There was a change of direction when Tony Blair became PM in 1997. By 2000, the Food Standards Agency was established. And in 2001, new nutritional standards were introduced for school meals.

“The reintroduction of these standards in 2001 was a great day,” says Haddad. “Jamie Oliver did a great job in the 2000s of reminding schools that good food did not have to be expensive food.”

Oliver meets PM Tony Blair in 2005 to press for healthier school meals for kids. free school meals
British celebrity chef Jamie Oliver (L)
Oliver meets PM Tony Blair in 2005 to press for healthier school meals for kids. Image: RUSSELL BOYCE/AFP via Getty Images

But too many school dinners were still not meeting these new standards… until Oliver used his platform and his new television series Jamie’s School Dinners in 2005 to campaign for an improvement. And not for the last time in this school dinner odyssey, a famous figurehead provoked a popular outcry and a political response.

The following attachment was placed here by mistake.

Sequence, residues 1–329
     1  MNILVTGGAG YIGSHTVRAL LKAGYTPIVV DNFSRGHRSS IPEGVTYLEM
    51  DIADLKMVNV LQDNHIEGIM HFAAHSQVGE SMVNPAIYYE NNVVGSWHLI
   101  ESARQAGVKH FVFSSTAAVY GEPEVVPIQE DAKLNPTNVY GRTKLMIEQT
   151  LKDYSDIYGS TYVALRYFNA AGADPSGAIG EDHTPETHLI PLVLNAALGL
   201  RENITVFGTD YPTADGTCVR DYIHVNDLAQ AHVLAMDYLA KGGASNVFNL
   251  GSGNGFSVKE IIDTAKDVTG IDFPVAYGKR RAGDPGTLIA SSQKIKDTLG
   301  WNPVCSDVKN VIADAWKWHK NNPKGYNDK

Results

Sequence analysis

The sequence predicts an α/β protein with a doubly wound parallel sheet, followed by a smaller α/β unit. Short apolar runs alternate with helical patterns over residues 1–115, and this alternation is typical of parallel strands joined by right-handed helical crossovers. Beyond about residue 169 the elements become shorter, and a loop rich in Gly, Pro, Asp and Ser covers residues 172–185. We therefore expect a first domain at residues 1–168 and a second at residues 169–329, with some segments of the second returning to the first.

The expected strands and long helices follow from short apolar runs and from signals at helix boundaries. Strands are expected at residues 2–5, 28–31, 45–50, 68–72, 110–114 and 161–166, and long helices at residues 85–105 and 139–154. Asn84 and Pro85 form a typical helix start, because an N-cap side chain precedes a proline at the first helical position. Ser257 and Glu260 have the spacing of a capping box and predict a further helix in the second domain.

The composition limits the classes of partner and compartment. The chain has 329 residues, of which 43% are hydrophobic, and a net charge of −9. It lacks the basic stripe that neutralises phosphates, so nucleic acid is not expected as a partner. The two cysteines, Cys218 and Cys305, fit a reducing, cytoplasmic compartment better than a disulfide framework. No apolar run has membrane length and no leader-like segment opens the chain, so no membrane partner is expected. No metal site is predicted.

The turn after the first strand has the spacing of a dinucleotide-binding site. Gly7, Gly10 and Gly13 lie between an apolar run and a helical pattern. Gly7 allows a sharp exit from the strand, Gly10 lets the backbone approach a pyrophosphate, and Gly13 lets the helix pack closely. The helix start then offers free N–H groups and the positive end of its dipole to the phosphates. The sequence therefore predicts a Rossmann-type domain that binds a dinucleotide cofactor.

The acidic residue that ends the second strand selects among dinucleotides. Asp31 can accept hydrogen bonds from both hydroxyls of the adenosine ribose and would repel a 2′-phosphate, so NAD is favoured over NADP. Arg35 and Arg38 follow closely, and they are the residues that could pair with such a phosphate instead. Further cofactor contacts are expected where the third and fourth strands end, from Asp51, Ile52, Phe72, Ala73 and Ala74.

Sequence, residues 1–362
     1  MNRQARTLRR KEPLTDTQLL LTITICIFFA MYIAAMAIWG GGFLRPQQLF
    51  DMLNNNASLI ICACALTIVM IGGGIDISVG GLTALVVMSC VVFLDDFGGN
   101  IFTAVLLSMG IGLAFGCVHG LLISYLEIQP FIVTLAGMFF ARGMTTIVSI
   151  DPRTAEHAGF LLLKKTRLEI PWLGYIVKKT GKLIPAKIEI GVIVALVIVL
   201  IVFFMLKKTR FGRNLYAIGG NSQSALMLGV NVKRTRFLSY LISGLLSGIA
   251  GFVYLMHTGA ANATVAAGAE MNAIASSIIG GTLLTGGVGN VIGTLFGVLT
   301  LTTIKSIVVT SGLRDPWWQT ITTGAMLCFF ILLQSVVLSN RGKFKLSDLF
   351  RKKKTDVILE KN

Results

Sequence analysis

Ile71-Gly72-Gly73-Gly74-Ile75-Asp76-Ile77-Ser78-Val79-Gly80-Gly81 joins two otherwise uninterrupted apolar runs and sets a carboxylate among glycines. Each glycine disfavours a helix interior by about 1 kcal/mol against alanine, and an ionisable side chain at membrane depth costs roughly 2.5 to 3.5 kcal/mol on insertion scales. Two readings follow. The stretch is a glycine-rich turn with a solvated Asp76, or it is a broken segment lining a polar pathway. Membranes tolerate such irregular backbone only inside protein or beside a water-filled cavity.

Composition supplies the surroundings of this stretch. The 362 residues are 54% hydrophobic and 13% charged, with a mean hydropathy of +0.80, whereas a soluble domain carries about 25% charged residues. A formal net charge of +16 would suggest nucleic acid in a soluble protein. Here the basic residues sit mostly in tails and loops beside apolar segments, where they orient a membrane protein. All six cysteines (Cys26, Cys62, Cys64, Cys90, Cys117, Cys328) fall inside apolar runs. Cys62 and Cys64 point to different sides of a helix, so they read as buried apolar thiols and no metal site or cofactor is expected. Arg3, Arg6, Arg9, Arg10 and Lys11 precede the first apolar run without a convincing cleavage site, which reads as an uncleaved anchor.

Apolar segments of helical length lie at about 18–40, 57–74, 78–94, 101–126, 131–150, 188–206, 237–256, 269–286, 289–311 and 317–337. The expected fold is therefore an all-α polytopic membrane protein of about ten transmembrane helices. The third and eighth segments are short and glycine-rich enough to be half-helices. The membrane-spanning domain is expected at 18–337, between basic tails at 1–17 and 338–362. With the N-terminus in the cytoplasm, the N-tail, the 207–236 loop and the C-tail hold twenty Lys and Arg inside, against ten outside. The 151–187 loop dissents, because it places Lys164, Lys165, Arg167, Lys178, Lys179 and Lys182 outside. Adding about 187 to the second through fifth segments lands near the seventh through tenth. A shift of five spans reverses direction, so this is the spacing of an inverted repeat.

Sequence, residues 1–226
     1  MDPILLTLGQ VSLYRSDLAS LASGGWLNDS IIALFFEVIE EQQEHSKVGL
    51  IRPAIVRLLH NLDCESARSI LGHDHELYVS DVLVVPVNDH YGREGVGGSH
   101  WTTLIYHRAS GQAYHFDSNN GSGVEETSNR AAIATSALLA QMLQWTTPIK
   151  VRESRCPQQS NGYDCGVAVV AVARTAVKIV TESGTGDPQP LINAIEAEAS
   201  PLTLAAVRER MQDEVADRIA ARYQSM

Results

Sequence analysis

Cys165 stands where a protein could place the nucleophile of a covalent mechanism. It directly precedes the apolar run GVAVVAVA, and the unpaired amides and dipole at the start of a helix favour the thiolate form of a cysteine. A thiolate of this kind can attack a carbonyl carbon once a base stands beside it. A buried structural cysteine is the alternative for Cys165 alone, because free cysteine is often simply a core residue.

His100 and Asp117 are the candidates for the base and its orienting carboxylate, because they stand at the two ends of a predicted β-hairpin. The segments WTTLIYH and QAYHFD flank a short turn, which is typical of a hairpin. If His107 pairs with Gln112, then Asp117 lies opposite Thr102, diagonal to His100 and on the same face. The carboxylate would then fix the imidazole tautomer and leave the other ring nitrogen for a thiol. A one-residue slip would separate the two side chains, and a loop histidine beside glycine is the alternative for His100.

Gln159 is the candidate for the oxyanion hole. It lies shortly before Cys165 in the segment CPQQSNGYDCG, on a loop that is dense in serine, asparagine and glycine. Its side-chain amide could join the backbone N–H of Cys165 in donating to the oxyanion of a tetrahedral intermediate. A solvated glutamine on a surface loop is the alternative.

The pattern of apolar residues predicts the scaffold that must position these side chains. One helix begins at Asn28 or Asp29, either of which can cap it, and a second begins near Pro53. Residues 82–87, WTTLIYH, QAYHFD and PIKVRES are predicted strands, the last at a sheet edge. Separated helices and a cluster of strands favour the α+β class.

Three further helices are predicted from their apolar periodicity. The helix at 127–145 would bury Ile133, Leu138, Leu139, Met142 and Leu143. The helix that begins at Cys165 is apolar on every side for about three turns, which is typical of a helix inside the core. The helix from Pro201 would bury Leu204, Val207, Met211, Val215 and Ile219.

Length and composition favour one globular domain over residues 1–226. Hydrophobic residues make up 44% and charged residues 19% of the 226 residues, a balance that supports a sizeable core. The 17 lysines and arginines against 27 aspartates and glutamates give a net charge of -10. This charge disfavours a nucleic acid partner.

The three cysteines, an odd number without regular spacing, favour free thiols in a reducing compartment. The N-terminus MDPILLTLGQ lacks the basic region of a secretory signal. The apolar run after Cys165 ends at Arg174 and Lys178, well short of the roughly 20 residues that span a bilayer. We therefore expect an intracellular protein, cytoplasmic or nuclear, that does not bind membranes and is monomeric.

After Jamie’s School Dinners became the most talked about television show of the year, Tony Blair met Oliver and pledged to rebuild school kitchens so meals could be cooked from scratch, as well as help staff – like Nora at Kidbrooke School, near Greenwich in South London, who was the breakout star of the series – improve their culinary skills.

Jamie Oliver’s campaign was important because it raised the public profileProfessor Corinna Hawkes, Centre for Food Policy

“Every child deserves the opportunity to live up to their full potential and it’s been proven time and time again that good food is the backbone of good health,” says Oliver. “After our school dinners campaign, English scores rose by six per cent and the number of authorised absences due to illness fell by 15 per cent.”